In times without great principles or goals, people might turn inward, looking after their own material interests, and enter a kind of solitary confinement: “a multitude of men, alike and equal, constantly circling around in pursuit of the petty and banal pleasures with which they glut their souls. Each one of them, withdrawn into himself, is almost unaware of the fate of the rest. As for the rest of his fellow citizens, they are near enough, but he does not notice them. He touches them but feels nothing.” In this condition, democrats would happily accept “a network of petty, complicated rules” administered by “schoolmasters.” Tocqueville called this enervated condition democratic despotism, the soft, passive twin of majority tyranny. Democracy might come with an executioner’s blade or with soothing tones, and either way it could obliterate people like Alexis de Tocqueville.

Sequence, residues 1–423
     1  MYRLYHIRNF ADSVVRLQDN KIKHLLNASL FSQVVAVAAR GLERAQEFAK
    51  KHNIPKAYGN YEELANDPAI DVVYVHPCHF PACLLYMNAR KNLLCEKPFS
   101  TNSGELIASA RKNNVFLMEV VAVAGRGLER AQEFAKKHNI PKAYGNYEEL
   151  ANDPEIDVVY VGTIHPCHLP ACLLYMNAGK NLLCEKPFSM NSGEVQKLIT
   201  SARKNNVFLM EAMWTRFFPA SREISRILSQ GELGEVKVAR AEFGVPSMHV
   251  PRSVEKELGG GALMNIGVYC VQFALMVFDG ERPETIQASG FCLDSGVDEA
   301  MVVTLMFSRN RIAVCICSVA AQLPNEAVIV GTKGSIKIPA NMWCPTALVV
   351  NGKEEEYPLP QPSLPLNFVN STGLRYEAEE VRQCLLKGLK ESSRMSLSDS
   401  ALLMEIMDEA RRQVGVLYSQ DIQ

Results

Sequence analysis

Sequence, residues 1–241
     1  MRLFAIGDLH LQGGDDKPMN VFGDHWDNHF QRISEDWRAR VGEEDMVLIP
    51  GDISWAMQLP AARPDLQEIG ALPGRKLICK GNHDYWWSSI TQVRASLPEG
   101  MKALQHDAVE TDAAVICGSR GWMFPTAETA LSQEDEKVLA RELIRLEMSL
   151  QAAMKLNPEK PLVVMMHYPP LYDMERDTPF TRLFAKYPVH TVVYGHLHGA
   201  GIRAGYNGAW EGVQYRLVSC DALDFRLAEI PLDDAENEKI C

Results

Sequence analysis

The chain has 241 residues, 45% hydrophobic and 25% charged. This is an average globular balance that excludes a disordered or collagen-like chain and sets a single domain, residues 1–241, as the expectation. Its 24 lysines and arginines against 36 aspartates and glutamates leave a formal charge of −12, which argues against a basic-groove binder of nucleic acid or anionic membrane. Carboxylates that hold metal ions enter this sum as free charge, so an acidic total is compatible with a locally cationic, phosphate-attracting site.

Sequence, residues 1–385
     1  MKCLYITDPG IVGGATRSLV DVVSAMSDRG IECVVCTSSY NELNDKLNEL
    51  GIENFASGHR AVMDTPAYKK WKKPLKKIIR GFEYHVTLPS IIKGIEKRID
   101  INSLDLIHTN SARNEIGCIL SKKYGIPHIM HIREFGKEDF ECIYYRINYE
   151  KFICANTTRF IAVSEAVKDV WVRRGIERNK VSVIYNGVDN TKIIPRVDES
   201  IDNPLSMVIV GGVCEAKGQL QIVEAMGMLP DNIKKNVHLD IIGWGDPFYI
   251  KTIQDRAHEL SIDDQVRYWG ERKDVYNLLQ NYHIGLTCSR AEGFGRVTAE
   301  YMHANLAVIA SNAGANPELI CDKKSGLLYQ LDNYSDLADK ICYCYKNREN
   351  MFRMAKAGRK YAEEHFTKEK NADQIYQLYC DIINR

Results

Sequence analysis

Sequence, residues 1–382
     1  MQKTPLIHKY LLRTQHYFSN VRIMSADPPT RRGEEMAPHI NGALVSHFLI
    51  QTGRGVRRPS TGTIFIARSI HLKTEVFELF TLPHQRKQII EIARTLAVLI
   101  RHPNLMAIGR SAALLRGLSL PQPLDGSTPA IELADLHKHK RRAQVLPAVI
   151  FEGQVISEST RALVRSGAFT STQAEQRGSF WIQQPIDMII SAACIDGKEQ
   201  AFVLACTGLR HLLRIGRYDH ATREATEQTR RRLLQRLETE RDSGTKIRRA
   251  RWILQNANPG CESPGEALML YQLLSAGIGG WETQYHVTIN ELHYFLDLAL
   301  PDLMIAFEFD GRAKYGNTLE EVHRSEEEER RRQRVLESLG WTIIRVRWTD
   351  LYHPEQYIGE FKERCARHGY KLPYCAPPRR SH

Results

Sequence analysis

Tocqueville interpreted American democracy as a possible remedy for his anxiety. Religion and constitutional culture kept the tyranny of the majority at bay: Americans respected rights and believed in limited government too strongly for leveling campaigns. Civic engagement conferred some immunity to democratic despotism: As he portrayed them, Americans might not be idealistic, but they believed their own interests were wrapped up in the success of public and civic institutions. For self-regarding reasons, they did not become entirely self-involved.